A Performance Centric Introduction to Cloud Computing Introduction Cloud computing refers to Internet based development and utilization of computer technology. It is a style of computing, in which dynamically scalable (and often virtualized) resources are provided as a service over the Internet. The concepts behind cloud computing incorporate Software-as-a-Service (SaaS), Platform-as-a-Service (PaaS), and Infrastructure-as-a-Service (IaaS), respectively. In today’s rather challenging economical environment, the promise of reduced operational expenditure, green computing advantages, along with more reliable, flexible and scalable application services made cloud computing a rather sought-after technology. To further illustrate, cloud computing basically focuses on managing data and applications on the Internet instead of keeping these entities on enterprise owned (in-house) server systems. Besides demand- driven performance, data security, and data availability are clear advantages of the cloud-computing concept/methodology. The implication of cloud computing is that data center capabilities can be aggregated at a scale not possible for a single organization, and located at sites more advantages (as an example from an energy point of view) than may be available to a single organization per se. Hence, some of the major reasons for a company not to operate and maintain their own server systems can be summarized as: Inflexible computing power Incalculable maintenance costs Insufficient data security Performance, capacity, and scalability issues Limited data accessibility (such as via Blackberry/PDA devices) Some of these IT challenges can be addressed via external computing centers. To illustrate, the performance demand of a company’s application workload can be distributed (virtually) onto many server systems in order to quickly and flexibly react to ever-changing requirements. Similar to clouds in the sky, IT resources either meld into one another or are being re-arranged if the workload driven requirement structure requires it. This approach significantly reduces IT costs, and warrants the availability, performance, and capacity behavior in a more reliable manner. Another key advantage of cloud computing is that in larger data centers, servers are operated more efficiently in regards to energy usage (an actual green computing issue), and therefore are (1) cheaper to operate, and (2) are much more environmentally friendly (much smaller carbon footprint). In the cloud computing paradigm, companies can access their data and applications, as well as re- assign IT resources (ad hoc) via the Internet 24/7. Therefore, cloud computing can be described as conducting business in an Internet based computing environment. The Internet reflects the cloud through which all business processes are controlled and executed. Some of the key contributors to cloud computing today are Amazon, AT&T, IBM, Microsoft, Google, Oracle/Sun, or Yahoo. All of these companies offer utilities, services, and application components to support the user community (see Figure 1). To illustrate, cloud services, such as Amazon’s Web Services and their Elastic Compute Cloud (EC2), are already providing scalability potential to environments such as Facebook, storage capabilities to support software downloads, or overflow compute capacity for websites around the globe. Dominique A. Heger (www.dhtusa.com) 1 Figure 1: Amazon and Google Cloud Computing Infrastructures Cloud Computing & Performance Implications It remains clear that improved operational competencies, 24/7 hardened environments, and accumulated economies of scale (facilities, power, compute capabilities, storage and bandwidth) will lead many enterprises to embrace the cloud computing model. Given the current economic backdrop, the need to reduce capital expenditure, and hence the need to support IT operations with limited budgets and personnel will lead more companies to closely evaluate cloud computing, and potentially migrate some of their application services to a cloud based environment. Some setups will resemble private clouds, in which a company’s data centers will be consolidated/replicated/outsourced (an approach more suitable for companies with high security & regulatory requirements), while other companies will embrace the more open service architectures such as the once offered by Amazon or Google (see Figure 1). A major concern that has to be addressed to foster this migration is providing enterprise customers with the ability to understand and quantify how application performance will be impacted as services are moved into the cloud. The big question to be answered is how can development, performance, and test engineers ensure that their applications will be resilient and meet performance expectations in the unknown cloud environment. In most circumstances, it is a rather daunting task (due to the complexity of the cloud infrastructure) to assess cloud application performances via an empirical study (an actual benchmark). Therefore, as extensively discussed by the GRID and the cloud computing community, the most efficient and effective approach to quantify cloud application performance is via modeling. A model allows executing the necessary sensitivity studies to compare the status quo (the in-house IT solutions) to the cloud based (Internet) solutions/opportunities. Further, a model can be used to quantify the actual cloud application potential under different configuration scenarios. It has to be pointed out that cloud services are rapidly maturing. Further, some management services are already available to requisition cloud systems with desired CPU power, memory, and storage requirements, respectively. Common cloud computing operations include installing an application environment, managing the access permissions, and executing the applications. Some cloud-computing Dominique A. Heger (www.dhtusa.com) 2 providers already offer APIs that allow companies to setup applications to execute in a specific geographic location (to place applications/data closer to the user community). The performance impact of this approach can be very effectively quantified via a cloud model as well. A common question among companies that evaluate cloud computing (especially SaaS) is how SaaS differs from the application service provider (ASP) model. To some companies, the SaaS approach may appear similar to the better-known ASP model that basically failed after the dot-com era. The differences between the 2 models are actually striking. 1st, the ASP model focused on providing companies with the ability to move certain application processing duties to a 3d-party-managed server environment. Further, most ASP providers were not necessarily focused on providing shared services to multiple organizations. 2nd, most ASP supported applications were tailored towards the client-server paradigm, and only utilized rather simple HTML interfaces. Today’s SaaS solutions are specifically designed and implemented for the Web, substantially improving the performance, usability, and manageability behavior of the applications. In a nutshell, most ASP vendors were rather ill prepared, and rushed their offerings to market prior to addressing the actual performance, security, integration, and scalability issues. Today, most organizations are better prepared (much enhanced tools are available), and hence are normally better equipped to take advantage of SaaS. Ergo, the decrease in technical provisions, increase in user awareness, and all the cost saving measurements together provide the momentum for companies to (in general) successfully adopt a cloud computing approach. In regards to actual performance management and capacity planning scenarios, what works in an IT data center (simply stated) just does not work in the cloud. While IT data centers are focused on CPU, memory, IO, and network (systems) utilization and throughput metrics, the ever-changing cloud environment renders collecting these metrics to isolate potential "performance problems" virtually impossible. The argument made is that focusing on the actual application business transactions is the only way to really quantify the performance behavior (or establish a performance baseline) in a cloud environment. Focusing on the business transactions further allows assessing the scalability potential of the application setup. Tracing the business transactions establishes the code-path that the application threads are taking through the cloud resources. The traces can further be used to establish the application workload profiles, and can be used to calibrate and validate any potential cloud application models. Further, assigning actual performance budgets to the individual business transactions allows quantifying aggregate application performance requirements, and determining the (potential) performance delta while running in a cloud setup. Cloud-Computing – The WAN challenge The value propositions promised by cloud computing are undeniable: Pay only for what you need. Elastic capacity. Lower entry cost and more efficiency. While the market continues to be educated on how the cloud can deliver tremendous value, the concern about security and availability seem to always be the top considerations when it comes to taking advantage of what the cloud has to offer. In regards to security, how do you ensure that your company’s sensitive data is protected when you move it to the cloud? While security has been a top cloud computing concern, availability has stepped up the consideration list obviously driven by Amazon’s recent failure event with their EC2 platform. While security and availability are currently the top considerations for companies contemplating deploying cloud computing, WAN access performance can and should not be neglected. In a nutshell, the performance of cloud computing relies on the underlying network infrastructure. Irrespective of the type of service deployed, all cloud computing initiatives have one thing in common: data is centralized, while users are distributed. Such a set-up places an increased strain on the network, making cloud computing susceptible to bandwidth, latency and performance challenges. This in turn affects the delivery of the data, which can render cloud services impractical. Therefore, when it comes Dominique A. Heger (www.dhtusa.com) 3 to cloud computing in the enterprise, WAN optimization should not only be considered a priority, but the missing link that enables organizations to build and maintain a superior network. Unfortunately, increasing the bandwidth connectivity between the users and the services in the cloud does not always help much. Bandwidth is normally shared among users accessing the cloud provider. Ergo, the biggest problem becomes latency. Applications such as Email or tasks like file-sharing require a significant amount of back and forth conversations to take place during the process of completing a data transfer operation. On a LAN with sub millisecond latency, these operations finish rather quickly. Over a high latency WAN link, each turn of the conversation incurs the penalty of the round trip time. Going cross-country, each turn could take a 10th of a second, and if there are thousands of turns, certain (application) operations may slow down significantly. As with LAN based latency concerns, WAN links can be mathematically abstracted to model and analyze the impact of WAN optimization techniques based on the actual physical infrastructure available and the company's workload at hand. Cloud Computing – The Data Storage Challenge The already discussed current proliferation of cloud computing and the associated growth of the user population comes with increasing and complex challenges of how to transfer, compute, and store data in a reliable (in actual real-time) fashion. Some of the challenges already discussed revolve around data transfer bottlenecks or performance variances. Some other issue to consider though is scalable (and reliable) storage (rapid scaling to varying workload conditions). Addressing these challenges of large-scale, distributed data, compute, and storage intensive applications such as social networks or search engines requires robust, scalable, and efficient data algorithms and protocols. The Google File System (GFS) or the Hadoop Distributed File System (HDFS) are the most common (file system) solutions deployed today for Facebook, Amazon, Google or Yahoo. To illustrate, Apache's Hadoop project actually represents an entire framework for running applications on large cluster systems by utilizing commodity hardware. The Hadoop framework transparently provides applications with both, reliability and data motion, respectively. Hadoop further implements a computational paradigm labeled map/reduce, where the application is divided into n small fragments of work items, each of which may be executed (or re-executed) on any node in the cluster. In addition, Hadoop provides the already mentioned distributed file system (HDFS) that stores data on the compute nodes, providing high aggregate bandwidth capacity across the cluster nodes. Both, map/reduce and the distributed file system are designed so that any potential node failures are automatically handled by the framework. Next to the data nodes, GFS and HDFS utilize a name node to store a list of all files in the cloud (as well as the file metadata). Further, the name node also manages most file related IO operations such as open, copy, move, or delete. Such a centralized file management approach may not scale very well, as the name node (under increased workload conditions) may become the bottleneck. If the name node reflects a single entity (such as for traditional HDFS), if the node goes down, the file system becomes unavailable. Hence, the suggestion made is to also consider/evaluate other distributed file systems such as Red Hat’s GFS, IBM’s GPFS, or Oracle’s Lustre while designing a ‘private’ cloud, or while offering cloud services to other users. Cloud Computing – The Performance/Allocation/Capacity Evaluation Challenge To assess (with a high degree of fidelity) the performance, resource allocation, or capacity behavior of a cloud environment is rather challenging. In general, addressing optimized resource allocation or task scheduling issues (both are paramount in a cloud environment) requires solving NP-Complete problems. NP-Complete problems are unlikely to be solvable in an amount of time that reflects a polynomial function. Further, cloud computing operates in a virtualized environment (to better utilize the available resources, and to minimize costs while at the same time optimize the profit). Having said that, it is a daunting task to accurately model (with a high degree of fidelity) virtualized systems (not only in a cloud Dominique A. Heger (www.dhtusa.com) 4 environment) to quantify/analyze performance, resource allocation, or capacity issues. The traditional modeling methods utilized to analyze non-virtualized environments normally do not provide a high fidelity in a virtualized systems setup. A virtualized systems setup utilizes some form of hypervisor (the hypervisor basically runs on top of the HW, and is considered as firmware). The hypervisor allows the guest operating systems to run in an isolated fashion. Next to the hypervisor, in a virtualized environment, a virtual machine monitor (VMM), the virtual machines (VM) themselves, operating systems and applications installed on the VM's are present. Therefore, some of the major challenges faced while assessing the performance behavior of virtualized environments revolve around differences in the hypervisor implementations, resource inter-dependency issues, application workload variability's, as well as in disparity in collecting actual (accurate) performance data that can be used for the analysis. To reiterate, virtualization adds several layers of complexity to the analysis process, as the VM's not only communicate with the HW, but also among themselves. The statement can be made that the performance and capacity models developed for non-virtualized environments generally cannot address the complexity and variability issues present in a virtualized setup. To illustrate, the commonly used regression or linear performance/capacity analysis techniques utilized in non-virtualized environments do not necessarily provide accurate models to quantify the application performance in a virtualized setup. To address these issues, the suggestion made is to use non-linear modeling techniques for cloud environments to achieve the high fidelity necessary to accurately determine the performance/capacity behavior. One possible approach would be to use Fuzzy Logic, whereas another approach could be the usage of artificial neural networks (ANN). Fuzzy logic, as well as ANN's can be used to design/develop cloud performance/capacity models that can accurately characterize the relationship between application performance and resource allocation. (Open Source) Cloud Tools In a cloud environment, the available tools are categorized as provisioning (installation), configuration management (parameter settings, service & log maintenance), and monitoring (health check and alerts) solutions, respectively. For a cloud environment, in each category, there are several open source tolls packages available. Some of the provisioning tools are Cobbler or OpenQRM, while for configuration management, there are bcfg2, chef, or automateIT. On the monitoring side, some of the open source tools packages being utilized are Nagios (availability) or Zenoss (availability, performance, and event management). One of the most popular performance monitoring tools for cloud installations is Ganglia. Ganglia represents a scalable, distributed monitoring system for high-performance computing systems. The toolset is based on a hierarchical design, targeted at federations of clusters. It leverages widely used technologies such as XML for data representation, XDR for compact, portable data transport, and the RRDtool for data storage and visualization. It uses sophistically engineered algorithms and data structures to achieve a very low (per-node) overhead and a high concurrency level. It is rather common in the cloud community to utilize actual open source tool-chains such as OpenQRM and Nagios or Nagios and Ganglia. Summary & Conclusions Cloud computing represents a very interesting architectural IT construct, provides some great potential from a monetary aspect, and reflects a very real option to deliver a more environmentally friendly computing platform. Cloud computing, while being very flexible from a resource perspective, provides additional challenges though (to any organization), which have to be taken into consideration while evaluating the new paradigm. The complexity of quantifying actual cloud application performance is much more challenging compared to an in-house IT solution. The suggestion made is to utilize a (non-linear) modeling based approach (focusing on the actual business transactions) to address the performance questions/concerns in a proactive manner. These non- linear models (such as ANN's) can be used in the feasibility, design, as well as deployment phase to insure Dominique A. Heger (www.dhtusa.com) 5 the performance/scalability/availability goals can be met. Further, the models can be used in the maintenance phase to (pro actively) conduct capacity planning studies. With today’s technology, it is feasible for a company to model the platforms they will requisition in the cloud, load-test the solution(s) by simulating the actual user traffic (aka application business transactions) via the model, and to quantify the impact that the distributed, WAN-based setup (a.k.a. cloud computing) has on aggregate application performance. Resources & References The WWW in general Cloud Computing Wiki, Wikipedia Cloud blogs and discussion groups Hadoop and GFS blogs and discussion groups Dominique A. Heger (www.dhtusa.com) 6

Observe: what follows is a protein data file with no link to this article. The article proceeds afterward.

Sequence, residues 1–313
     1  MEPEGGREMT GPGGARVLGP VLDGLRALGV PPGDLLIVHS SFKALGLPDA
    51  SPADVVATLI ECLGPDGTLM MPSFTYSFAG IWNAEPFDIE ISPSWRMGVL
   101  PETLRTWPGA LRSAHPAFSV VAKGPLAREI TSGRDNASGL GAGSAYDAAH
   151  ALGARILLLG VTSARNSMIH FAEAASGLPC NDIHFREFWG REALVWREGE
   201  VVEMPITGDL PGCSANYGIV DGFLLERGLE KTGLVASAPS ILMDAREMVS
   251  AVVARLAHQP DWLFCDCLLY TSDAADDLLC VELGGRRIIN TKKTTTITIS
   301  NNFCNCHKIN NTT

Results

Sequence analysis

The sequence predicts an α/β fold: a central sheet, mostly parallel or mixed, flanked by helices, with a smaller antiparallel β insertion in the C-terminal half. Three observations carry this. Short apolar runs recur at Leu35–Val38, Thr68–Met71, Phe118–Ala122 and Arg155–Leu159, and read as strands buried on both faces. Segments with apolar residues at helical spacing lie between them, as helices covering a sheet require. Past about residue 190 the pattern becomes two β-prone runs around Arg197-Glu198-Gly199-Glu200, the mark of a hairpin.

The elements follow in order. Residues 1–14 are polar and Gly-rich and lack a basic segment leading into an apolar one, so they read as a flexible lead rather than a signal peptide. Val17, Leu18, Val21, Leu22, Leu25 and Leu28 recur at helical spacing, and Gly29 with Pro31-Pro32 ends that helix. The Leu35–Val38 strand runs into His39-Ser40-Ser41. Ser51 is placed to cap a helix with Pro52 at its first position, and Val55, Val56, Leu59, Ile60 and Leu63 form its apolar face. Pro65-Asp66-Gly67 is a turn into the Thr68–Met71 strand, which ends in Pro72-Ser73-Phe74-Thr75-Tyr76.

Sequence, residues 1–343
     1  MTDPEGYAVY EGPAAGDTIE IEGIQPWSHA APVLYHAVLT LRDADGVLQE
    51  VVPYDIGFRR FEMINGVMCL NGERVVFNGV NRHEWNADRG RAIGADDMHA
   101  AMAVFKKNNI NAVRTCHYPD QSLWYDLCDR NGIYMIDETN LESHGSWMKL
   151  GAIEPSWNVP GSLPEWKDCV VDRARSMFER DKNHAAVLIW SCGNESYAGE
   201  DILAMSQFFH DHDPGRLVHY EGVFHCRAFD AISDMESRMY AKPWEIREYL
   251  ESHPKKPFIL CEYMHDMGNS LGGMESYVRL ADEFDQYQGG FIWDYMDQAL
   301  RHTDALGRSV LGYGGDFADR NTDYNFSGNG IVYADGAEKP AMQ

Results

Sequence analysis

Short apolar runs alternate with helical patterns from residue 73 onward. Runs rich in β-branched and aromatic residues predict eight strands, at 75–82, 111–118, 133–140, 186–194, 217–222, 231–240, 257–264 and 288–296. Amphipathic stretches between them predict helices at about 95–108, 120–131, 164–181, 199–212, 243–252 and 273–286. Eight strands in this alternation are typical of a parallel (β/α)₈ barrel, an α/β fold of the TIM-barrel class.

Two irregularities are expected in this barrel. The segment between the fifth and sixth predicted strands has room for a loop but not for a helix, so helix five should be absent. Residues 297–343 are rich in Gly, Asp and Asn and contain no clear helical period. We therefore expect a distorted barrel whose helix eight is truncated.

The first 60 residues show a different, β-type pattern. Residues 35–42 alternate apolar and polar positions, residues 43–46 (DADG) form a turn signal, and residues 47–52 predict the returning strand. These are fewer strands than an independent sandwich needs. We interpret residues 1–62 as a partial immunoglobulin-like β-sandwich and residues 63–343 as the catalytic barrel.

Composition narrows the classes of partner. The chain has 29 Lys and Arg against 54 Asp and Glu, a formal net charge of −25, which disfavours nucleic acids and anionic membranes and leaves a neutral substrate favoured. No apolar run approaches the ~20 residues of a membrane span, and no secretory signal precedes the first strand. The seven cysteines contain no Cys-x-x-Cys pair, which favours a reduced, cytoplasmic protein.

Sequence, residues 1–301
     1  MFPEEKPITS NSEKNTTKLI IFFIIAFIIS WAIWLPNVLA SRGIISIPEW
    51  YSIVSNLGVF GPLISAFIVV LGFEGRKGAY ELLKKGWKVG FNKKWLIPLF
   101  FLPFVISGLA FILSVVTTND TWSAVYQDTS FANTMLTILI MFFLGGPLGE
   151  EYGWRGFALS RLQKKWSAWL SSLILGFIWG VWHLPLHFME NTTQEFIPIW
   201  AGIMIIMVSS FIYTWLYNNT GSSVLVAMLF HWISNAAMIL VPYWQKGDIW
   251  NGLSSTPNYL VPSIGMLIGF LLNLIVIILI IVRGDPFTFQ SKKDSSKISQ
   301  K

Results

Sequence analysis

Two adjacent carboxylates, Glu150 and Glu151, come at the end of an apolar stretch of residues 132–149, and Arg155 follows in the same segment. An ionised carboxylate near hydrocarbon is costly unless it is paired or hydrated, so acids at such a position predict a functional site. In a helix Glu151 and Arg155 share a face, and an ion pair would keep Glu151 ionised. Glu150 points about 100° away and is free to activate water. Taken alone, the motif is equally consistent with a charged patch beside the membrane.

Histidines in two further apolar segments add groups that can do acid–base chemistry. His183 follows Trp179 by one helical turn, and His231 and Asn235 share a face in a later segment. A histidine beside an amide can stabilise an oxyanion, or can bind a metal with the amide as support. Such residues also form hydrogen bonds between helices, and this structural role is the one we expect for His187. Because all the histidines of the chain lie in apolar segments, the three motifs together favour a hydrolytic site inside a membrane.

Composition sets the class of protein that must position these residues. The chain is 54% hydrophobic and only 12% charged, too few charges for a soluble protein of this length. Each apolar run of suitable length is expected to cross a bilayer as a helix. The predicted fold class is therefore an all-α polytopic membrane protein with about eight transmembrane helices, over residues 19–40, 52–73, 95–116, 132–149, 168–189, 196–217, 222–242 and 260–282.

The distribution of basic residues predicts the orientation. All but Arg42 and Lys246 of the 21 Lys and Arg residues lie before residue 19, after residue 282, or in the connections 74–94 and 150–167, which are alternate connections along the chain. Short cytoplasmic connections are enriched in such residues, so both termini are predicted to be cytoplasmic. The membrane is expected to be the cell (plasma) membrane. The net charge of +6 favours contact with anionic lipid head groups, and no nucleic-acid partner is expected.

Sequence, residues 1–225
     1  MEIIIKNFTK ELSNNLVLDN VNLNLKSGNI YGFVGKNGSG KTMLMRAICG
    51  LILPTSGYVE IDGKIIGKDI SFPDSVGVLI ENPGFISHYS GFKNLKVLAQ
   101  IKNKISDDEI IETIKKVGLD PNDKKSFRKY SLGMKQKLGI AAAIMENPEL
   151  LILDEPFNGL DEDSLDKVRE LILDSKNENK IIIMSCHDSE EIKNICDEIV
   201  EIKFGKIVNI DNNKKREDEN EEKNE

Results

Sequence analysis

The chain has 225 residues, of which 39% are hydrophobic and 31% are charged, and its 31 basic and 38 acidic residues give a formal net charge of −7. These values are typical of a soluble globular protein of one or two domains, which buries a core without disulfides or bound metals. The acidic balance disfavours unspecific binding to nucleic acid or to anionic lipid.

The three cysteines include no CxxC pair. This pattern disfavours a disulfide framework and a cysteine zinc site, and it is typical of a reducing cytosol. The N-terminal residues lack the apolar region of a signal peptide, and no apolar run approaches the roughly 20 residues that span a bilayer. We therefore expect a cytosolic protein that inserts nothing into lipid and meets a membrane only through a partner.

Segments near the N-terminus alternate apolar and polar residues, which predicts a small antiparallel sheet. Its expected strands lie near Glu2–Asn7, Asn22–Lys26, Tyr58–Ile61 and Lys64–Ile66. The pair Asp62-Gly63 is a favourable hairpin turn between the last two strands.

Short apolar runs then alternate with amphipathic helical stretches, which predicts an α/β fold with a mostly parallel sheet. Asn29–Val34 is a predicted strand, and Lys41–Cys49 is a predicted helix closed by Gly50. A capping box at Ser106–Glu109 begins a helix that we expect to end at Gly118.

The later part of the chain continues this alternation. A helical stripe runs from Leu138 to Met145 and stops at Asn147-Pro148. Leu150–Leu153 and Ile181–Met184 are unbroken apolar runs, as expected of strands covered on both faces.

"A Performance Centric Introduction to Cloud Computing"